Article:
Most people don’t have anywhere near that distance between saddles that you have. V racks only work well if they’re in the V section of the boat.

The Malone Sea Wings that I had for my Eddyline Nighthawk 16 didn’t work too well on my QCC 400X with only 38" between saddles.

Your custom rig seems to work quite well for you.

I’ve always wondered about the strength
of J-cradles when confronted with strong side winds. Until your story, I’d never heard of any problems.

I’m glad that you completed your journey’s without further mishaps.

Correct: Racks are cheap
If I think about how many road trips I’ve made ONLY to go boating, and think about what I’ve spent on gas for those trips over the years, the cost of a Yakima or Thule rack isn’t very much in comparison. And I’ve been hooked on this hobby for less than ten years. Your cross bars will last many times that long.

OK. Point beat into my thick head.
I’ll take a serious look at a high end rack system.

It will be my next investment in this money pit called kayaking. I’ve been kayaking for only 18 months and, just like a previous comment, its crazy the road trips I’m taking just to go boating.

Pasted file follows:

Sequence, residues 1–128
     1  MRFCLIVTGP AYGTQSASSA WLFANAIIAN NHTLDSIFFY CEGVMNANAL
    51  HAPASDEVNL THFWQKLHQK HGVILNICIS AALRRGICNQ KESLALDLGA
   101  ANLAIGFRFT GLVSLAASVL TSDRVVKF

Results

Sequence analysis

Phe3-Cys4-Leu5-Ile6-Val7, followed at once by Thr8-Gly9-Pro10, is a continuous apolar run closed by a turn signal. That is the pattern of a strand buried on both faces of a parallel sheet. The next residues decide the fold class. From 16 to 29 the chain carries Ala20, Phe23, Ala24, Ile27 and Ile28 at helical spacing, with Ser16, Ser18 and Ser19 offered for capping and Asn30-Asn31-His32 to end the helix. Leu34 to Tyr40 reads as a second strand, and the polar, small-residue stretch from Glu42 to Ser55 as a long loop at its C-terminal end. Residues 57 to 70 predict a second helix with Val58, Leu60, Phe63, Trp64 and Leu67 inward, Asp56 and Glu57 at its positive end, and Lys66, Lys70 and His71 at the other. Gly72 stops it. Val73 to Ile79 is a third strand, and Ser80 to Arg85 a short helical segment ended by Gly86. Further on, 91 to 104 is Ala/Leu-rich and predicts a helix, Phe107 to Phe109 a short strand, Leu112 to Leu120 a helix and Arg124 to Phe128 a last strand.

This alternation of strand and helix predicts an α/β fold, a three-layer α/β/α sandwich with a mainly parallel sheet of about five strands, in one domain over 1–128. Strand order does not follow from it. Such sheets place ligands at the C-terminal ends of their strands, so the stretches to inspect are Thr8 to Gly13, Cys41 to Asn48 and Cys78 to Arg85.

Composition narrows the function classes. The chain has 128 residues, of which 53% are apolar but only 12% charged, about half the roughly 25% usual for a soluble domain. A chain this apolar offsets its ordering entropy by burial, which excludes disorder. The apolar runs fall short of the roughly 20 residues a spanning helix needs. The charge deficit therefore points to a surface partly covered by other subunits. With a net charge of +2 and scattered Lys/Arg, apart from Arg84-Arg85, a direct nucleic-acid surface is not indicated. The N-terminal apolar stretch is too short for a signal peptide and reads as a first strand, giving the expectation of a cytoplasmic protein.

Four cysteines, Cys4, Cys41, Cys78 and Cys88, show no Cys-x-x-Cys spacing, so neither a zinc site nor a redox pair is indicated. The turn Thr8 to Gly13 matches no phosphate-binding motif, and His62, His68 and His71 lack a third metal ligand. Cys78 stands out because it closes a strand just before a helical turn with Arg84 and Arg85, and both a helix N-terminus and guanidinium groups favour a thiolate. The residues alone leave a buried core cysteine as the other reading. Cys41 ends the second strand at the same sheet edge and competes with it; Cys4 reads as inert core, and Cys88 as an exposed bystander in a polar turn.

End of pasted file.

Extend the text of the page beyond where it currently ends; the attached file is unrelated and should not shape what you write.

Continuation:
There a lot of places in this world that someday I would love to go visit. My damn boat is frequently making me visit places I’ve never heard of.

Any long skinny kayak will fit

– Last Updated: May-31-13 10:45 PM EST –

V-racks were designed for long racing kayaks as well as skinny K1s, few of which have bow and stern toggles to aid in securing them. You don't need a "Vee" shaped hull section. Most racing kayaks are round-bilged. The racks will fit any narrow hull, but the widest kayak that I carry on my Goodboy Kayaks V-rack is a 21.5" NDK Greenlander Pro (I carry it slightly tilted on its side). Wider kayaks simply fit too high in the "Vee" to be secure.

My Anas Acuta rides perfectly, as does my K1, surfski (V-12) and 18X.

The eight foot bar spread gives security. My kayaks ride rock-solid at freeway speeds, with less movement than my stock Yakima rack (less bar spread). The aluminum supports flex to dampen road stress.